In Kentucky, for example, Mitch McConnell who is now set to be Senate Majority leader was about as popular as President Obama in February. In other words, his approval rating was in the tank. Nevertheless, he won reelection and should move on to a very powerful position.
What happened? Attack ads happened. Afraid of losing the senate seat, a power political PAC without the same restrictions as candidates, got behind McConnell and outspent his opponent who was leading in the polls at one time. The mud-slinging PAC dirtied the Democrat via 12,000 TV ads state-wide. The so-called independent PAC is run by a former McConnell aide according to the MJ website and hauled down money from some powerful people.
In all “outside PACs” spent an estimated $301,000,000 this year, but that’s nothing compared to the total. We will never know what the real total is because of “Dark Money.” Politifact.com says there is no way to tell the real amount spent by organizations who keep their donors anonymous. They report these groups include “trade associations, unions and nonprofit social welfare organizations like the Koch brothers-founded Americans for Prosperity.”
Not long ago we ran a “cautionary tale” about two brothers who put together an organization to essentially buy elections and hold power over America by the candidates they supported. It was a work of fiction, but consider the reality. It is estimated the Koch brothers together spent 300 million dollars of their fortune on this election alone. Was it successful? MJ website credits them with an 85 percent return on investment. Even at that, why would anyone set out to buy the Senate. What is in it for them?
The long-delayed Keystone Pipeline may now get approved by a Congress favorable to such a project.
The controversial project could be a windfall for the Koch Brothers. According to the Huffington Post, they could benefit by 100 billion dollars. Yes, you read that right. 100 billion! So, voters, do you feel used? You non-voters, do you regret passing up the chance to make your voice heard?
We have seen 9 months of continuous job growth. The stock market is close to 10,000 points higher than it was when Obama took office. Inflation is low, powered by a significant drop in gas prices.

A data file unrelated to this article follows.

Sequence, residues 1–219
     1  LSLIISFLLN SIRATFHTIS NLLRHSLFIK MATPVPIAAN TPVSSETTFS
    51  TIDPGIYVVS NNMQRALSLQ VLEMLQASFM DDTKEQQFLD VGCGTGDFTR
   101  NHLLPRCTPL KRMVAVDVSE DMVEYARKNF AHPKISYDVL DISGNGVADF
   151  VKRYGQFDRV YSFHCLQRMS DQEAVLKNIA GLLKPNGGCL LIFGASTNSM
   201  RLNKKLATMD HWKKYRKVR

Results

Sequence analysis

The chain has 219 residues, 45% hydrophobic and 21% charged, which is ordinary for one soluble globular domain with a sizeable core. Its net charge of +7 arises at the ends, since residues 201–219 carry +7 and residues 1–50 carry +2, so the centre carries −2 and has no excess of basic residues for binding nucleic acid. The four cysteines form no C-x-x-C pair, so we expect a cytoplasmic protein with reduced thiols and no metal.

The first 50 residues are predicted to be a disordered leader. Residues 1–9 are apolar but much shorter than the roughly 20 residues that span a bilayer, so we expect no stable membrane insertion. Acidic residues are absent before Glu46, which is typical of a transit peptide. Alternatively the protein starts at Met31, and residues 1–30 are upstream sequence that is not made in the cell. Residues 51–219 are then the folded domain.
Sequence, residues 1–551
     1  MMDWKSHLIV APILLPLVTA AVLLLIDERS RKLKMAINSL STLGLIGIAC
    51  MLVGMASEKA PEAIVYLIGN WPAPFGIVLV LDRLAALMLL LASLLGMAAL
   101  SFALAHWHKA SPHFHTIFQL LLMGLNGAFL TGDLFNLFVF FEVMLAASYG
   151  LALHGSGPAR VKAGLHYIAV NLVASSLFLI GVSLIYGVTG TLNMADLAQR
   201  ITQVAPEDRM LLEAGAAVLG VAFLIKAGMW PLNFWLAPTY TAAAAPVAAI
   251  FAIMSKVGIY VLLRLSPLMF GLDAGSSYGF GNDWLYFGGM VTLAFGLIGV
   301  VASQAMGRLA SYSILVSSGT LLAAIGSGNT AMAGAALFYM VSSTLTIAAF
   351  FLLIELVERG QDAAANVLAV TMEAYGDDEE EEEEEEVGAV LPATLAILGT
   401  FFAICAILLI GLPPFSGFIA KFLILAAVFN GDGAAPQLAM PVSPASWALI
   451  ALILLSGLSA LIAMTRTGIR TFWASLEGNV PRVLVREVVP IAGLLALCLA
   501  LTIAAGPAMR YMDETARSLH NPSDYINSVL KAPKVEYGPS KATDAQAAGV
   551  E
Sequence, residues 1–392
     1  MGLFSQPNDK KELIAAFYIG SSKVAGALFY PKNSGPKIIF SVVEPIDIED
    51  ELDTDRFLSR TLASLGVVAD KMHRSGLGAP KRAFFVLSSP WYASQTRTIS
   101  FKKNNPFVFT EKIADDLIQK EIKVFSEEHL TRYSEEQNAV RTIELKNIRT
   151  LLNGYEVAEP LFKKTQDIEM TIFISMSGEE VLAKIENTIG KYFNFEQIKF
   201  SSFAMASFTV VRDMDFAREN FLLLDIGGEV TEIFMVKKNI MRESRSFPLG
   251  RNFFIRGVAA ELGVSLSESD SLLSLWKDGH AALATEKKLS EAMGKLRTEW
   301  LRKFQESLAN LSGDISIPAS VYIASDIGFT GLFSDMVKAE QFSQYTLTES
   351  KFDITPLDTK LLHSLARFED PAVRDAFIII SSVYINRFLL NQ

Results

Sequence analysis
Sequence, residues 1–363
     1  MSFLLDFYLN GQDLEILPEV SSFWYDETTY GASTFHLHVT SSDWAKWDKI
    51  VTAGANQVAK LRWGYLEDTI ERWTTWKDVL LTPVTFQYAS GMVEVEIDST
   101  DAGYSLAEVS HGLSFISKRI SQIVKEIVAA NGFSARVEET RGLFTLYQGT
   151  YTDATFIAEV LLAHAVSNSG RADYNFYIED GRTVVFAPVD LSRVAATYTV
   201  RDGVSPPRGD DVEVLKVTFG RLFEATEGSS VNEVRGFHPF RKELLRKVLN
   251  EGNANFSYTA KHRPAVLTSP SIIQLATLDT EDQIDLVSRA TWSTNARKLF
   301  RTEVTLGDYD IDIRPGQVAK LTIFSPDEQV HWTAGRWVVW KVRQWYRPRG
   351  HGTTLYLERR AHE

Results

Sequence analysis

Not having to spend so much hauling goods keeps prices down too. The banking industry was saved, so was one of the America’s largest employers, the auto industry. Yet we voted against the President and returned to power the Congress the party who was there when the economy tanked. We will not even go into the war we fought under somewhat questionable reasoning.
Why America? Why? We eagerly await your comments below.
We are a microcosm of this country … but we also different. We’re live in a liberal, highly educated and urbanized state, yet ours is a rural community. We express the characteristics of rural, urban and suburban areas. We are every-man and every-woman while remaining uniquely ourselves.
We vote. Our polls are busy, but lines move briskly. I could vote by absentee ballot, but I enjoy going to the polls. I even like waiting on line.
Last time I voted, Barack Obama was reelected. Two years later, the results of that election are troubling. The U.S.A. is divided along racial lines. The south still votes white, but it’s not just the south. In many regions, white men vote for other white men and their “issues.”
Women and minorities are losing traction. Socially, culturally, we are moving backwards. I thought these issues were settled decades ago, when I was a young woman and I’m appalled to find them back on the table.
How come we are still debating a woman’s right to have an abortion or have free access to birth control? At what point do we finished debating and get on with living? When are women, who are actually a majority in this country, become permanently free to choose what is done to our bodies?
How did religion get in the mix, creep back into the body politic? How did we allow a religious fundamentalist minority to become kingmakers in a country where freedom of religion and separation of church and state are fundamental tenets of our way of life?
How come we are still fighting the Civil War?
How is it possible so many Americas are so ill-informed about their own history they have never heard of the Articles of Confederation? They don’t know how their proposed “fixes” to today’s problems already failed? That their “new proposals” are historical disasters?
When did we become a nation of ignoramuses?
Around here, voting is a different experience than in more populous areas. Massachusetts is as far from a battleground state as you can get. No doubt we have our share of die-hard Republican voters, but we are as “blue” as an electorate can be.
It’s one of the reasons, although I would love a less harsh winter, the political climate suits me well. The idea of moving to a state where racist, anti-gay, and anti-woman attitudes are major political forces makes my stomach heave. The idea of living under the tyranny of fundamentalism makes me ill.